Mapuche: Clash with Police Result in Casualty
During a protest symbolizing an act of land recovery, a Mapuche activist has been shot by the police exacerbating tensions with the community as Mapuche political prisoner continues his hunger strike.
Below is an article published by The
Ongoing animosity between Chilean authorities and Mapuche groups took a bloody turn Thursday morning [03 January 2008] when Carabineros police reportedly shot and killed a university student in Region IX.
At approximately 6 a.m. some 30 members of the Yupeco-Vilcun community attempted to occupy a farm located some 20 miles south-west of
According to journalist Elias Paillan of the Observatory for the Rights of Indigenous Peoples (ODPI), the group – which entered the Santa Margartia farm to perform a “symbolic act of land recovery” – fled the scene carrying the deceased student’s body.
“The Mapuche group took the body and they protected it. They didn’t want to hand it over to the Carabineros because they didn’t feel there were any guarantees,” Paillan told the Santiago Times.
Despite demands by the government that they hand over the body, the protestors initially refused, calling instead for Church involvement. Eventually, Villarica Bishop Sixto Parzinger agreed to meet with the Mapuche group. After several hours of tense negotiations, the protestors finally gave up Catrileo’s body.
The human rights group Amnesty International (AI) demanded a full investigation into the incident.
“Throughout the course of the day we’ll be analyzing the circumstances,” said Ana Carolina Cofre, a coordinator with AI’s Indigenous People’s Human Rights Team. “We’ve already sent the information off to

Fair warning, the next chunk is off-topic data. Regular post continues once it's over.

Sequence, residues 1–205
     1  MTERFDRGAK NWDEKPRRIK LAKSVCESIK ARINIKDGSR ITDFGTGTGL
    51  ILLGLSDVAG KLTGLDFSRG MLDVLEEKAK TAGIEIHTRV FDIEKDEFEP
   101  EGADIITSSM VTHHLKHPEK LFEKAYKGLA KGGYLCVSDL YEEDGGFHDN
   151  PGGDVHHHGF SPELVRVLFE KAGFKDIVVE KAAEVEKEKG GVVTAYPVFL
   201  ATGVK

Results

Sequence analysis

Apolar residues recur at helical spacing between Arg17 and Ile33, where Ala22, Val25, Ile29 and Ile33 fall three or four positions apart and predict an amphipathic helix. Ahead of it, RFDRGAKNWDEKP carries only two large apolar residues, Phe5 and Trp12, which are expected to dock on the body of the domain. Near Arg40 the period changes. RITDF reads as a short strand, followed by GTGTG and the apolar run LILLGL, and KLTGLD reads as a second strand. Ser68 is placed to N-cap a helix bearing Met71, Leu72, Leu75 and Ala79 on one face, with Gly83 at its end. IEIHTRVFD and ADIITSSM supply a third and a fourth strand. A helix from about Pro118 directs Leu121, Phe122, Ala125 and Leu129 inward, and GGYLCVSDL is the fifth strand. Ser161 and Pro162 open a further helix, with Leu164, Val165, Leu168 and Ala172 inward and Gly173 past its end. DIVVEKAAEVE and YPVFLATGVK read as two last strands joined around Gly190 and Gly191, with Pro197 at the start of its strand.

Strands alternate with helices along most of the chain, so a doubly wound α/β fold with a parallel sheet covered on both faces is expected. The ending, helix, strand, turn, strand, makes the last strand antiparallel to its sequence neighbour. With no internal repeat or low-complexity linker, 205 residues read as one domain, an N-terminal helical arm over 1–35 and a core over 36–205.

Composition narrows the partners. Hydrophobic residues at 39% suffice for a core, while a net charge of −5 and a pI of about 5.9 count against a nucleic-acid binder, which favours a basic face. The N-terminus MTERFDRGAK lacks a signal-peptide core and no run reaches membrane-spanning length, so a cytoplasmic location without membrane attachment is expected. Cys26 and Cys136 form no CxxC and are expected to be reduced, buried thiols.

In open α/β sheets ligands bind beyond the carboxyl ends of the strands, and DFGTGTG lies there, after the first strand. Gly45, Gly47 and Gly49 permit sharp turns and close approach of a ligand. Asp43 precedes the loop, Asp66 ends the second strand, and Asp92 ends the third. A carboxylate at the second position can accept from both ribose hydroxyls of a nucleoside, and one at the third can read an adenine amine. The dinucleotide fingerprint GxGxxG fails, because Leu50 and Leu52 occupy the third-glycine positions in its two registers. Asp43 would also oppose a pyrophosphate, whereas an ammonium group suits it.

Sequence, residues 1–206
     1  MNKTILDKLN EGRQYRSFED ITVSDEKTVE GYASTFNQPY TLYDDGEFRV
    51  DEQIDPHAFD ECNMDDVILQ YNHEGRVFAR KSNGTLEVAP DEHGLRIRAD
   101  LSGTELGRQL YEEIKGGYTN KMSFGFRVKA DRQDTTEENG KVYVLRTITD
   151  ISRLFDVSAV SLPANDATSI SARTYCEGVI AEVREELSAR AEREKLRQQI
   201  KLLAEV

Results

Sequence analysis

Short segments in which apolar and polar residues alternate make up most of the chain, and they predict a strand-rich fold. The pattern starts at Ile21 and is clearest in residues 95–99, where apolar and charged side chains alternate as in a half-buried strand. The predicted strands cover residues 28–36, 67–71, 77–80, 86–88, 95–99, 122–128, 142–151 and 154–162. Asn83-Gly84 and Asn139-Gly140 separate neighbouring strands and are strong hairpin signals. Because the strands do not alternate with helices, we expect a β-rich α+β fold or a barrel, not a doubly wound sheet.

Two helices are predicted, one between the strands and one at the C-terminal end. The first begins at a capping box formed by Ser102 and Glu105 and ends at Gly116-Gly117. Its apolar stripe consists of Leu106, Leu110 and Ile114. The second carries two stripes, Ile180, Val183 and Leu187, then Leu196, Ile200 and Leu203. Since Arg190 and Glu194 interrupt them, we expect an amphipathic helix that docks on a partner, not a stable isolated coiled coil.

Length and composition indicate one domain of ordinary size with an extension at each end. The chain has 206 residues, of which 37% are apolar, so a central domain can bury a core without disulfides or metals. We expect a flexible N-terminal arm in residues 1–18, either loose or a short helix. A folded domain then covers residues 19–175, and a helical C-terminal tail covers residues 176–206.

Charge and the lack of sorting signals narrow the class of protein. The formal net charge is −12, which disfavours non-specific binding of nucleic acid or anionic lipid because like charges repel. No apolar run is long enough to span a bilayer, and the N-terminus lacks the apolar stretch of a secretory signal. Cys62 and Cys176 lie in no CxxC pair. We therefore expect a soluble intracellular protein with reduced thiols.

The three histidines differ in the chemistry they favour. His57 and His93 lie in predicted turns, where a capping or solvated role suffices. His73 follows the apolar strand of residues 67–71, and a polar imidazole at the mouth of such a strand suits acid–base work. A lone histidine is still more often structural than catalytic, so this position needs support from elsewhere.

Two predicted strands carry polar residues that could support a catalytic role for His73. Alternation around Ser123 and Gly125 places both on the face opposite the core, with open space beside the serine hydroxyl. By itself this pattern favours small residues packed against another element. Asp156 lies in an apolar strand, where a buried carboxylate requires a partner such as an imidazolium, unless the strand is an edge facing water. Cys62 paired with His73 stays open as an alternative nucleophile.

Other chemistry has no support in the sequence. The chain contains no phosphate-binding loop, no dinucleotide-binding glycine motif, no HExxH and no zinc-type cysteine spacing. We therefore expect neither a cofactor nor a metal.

This is certainly not the first time AI has turned its attention to the plight of
“This is sad situation, but one that’s not really surprising given how the Mapuche social movement has been criminalized in recent years,” ODPI head José Aylwin told the Santiago Times. “One manifestation of that has been the legal persecution of Mapuche leaders involved in protests to recover their lands. The result has been the jailing of those leaders under (Augusto Pinochet-era) anti-terrorism laws, which have been questioned by human rights organizations.”
Coincidentally, both AI and ODPI first learned of the police killing during a joint press conference given Thursday morning [03 January 2008] in
Four of the original five hunger strikers have had to give up their prolonged hunger strike. Héctor Llaitul ended his strike just this past Monday [31 December 2007]. During his 81-day fast Llaitul lost approximately 50 pounds. Patricia Troncoso, also known as “la Chepa,” is now the only remaining striker. Together the strikers are demanding the liberation of all Mapuche political prisoners.
“There’s a permanent police presence in some indigenous communities. There are daily raids and the indiscriminate use of fire arms to repress what yes, in some cases, can be violent protests. But in no way is that violence proportional with what the state employs,” said Aylwin